DOE: “Across our different projects, the Department’s Geothermal Technologies Program is helping to conduct research and develop new technologies that reduce the cost of geothermal energy development and improve the efficiency of operations.  This R&D has not only advanced more cost-effective and innovative production technologies that are being used in the field today, but also sophisticated resource characterization and protective environmental practices that are building a sustainable industry for decades to come.

“Throughout this work, we continue to look for new ways to lower costs and improve operations.  For example, we conduct a technology road-mapping exercises to determine the most promising technical pathways for producing geothermal energy, including developing advanced geophysics and geochemistry tools and leveraging remote sensing.”

DOE’s roadmapping efforts should speed the permitting process for potential awardees, improve project costs, and lessen investor risk.

Additionally, the DOE’s new Transparent Cost Database contains thousands of estimates from more than 100 published studies and DOE program-planning or budget documents, part of ongoing road-mapping efforts for various technologies.

GEA: How are geothermal technologies similar to oil and gas technologies, and how are they different?  How does this help or hurt the industry?

DOE: “Many of the technologies and tool advancements made in the oil and gas industry can be beneficial to the geothermal community; equally, technology developments and discoveries made in geothermal can often be used in oil and gas.  In fact, early research at the Department of Energy on directional drilling and drill bit technologies is now used in both the geothermal and natural gas industries.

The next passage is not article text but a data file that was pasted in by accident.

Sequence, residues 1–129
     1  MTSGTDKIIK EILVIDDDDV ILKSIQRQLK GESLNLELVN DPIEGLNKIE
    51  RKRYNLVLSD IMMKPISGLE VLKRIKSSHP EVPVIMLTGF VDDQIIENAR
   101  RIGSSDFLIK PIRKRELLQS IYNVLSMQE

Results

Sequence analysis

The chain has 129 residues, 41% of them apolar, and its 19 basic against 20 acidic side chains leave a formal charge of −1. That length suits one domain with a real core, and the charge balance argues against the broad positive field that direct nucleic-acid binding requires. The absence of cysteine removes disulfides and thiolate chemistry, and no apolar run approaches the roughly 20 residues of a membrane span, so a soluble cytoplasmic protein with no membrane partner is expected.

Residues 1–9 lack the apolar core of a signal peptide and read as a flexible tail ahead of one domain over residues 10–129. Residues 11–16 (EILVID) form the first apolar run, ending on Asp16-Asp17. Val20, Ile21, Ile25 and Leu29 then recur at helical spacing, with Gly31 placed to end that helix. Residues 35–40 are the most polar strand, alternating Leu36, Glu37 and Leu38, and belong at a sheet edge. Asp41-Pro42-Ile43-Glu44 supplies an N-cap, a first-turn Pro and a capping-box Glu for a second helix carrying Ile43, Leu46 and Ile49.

“However, geothermal environments typically have higher temperatures and harder rock than traditional oil and gas plays, so we are partnering with industry to develop new technologies that can operate effectively and safely in this unique environment.” 

The 2010 exploration and assessment workshop reported that exploration system models are in the earliest stages of development, where mining or oil and gas were 50 or more years ago.

Funding for Geothermal Technologies: 2006-?

Congressional representatives may not know the exact differences between producing oil and producing geothermal, but a looming expiration date exists on federal tax incentives.  While geoanalysts do their part to decipher charts and readings, short-term expiration dates on tax credits translates to bad timing for geothermal plants that take as much as four to eight years to reach commercial operations.  Some of the steepest hurdles faced by developers aren’t in the desert hills but on Capitol Hill. 

In “What Would Jefferson Do?,” a 2011 DBL Investors report, Nancy Pfund and Ben Healey wrote (PDF) that average annual support for the oil and gas industry has been $4.86 billion from 1918 to 2009, compared to $3.5 billion for nuclear from 1947 to 1999 and $0.37 billion for renewable energy between 1994 and 2009. 

Still, innovation is happening on the Hill to some degree, and geothermal developers have made enormous strides with the incentives they have had for about six years.  Geothermal projects completed since the passing of the 2005 Energy Policy Act include: new flash power plants; re-developed flash power plants; expansion of hybrid geo power plant; new solar/geothermal hybrid plant; binary (ORC) power plants; distributed power generation with building heating system; and co-produced power from oil/gas wells.

As the geothermal industry follows its trajectory of evolution, and if federal support continues for indigenous, reliable energy sources, this list is bound to grow in the coming years.

Lead image: Geothermal energy via Shutterstock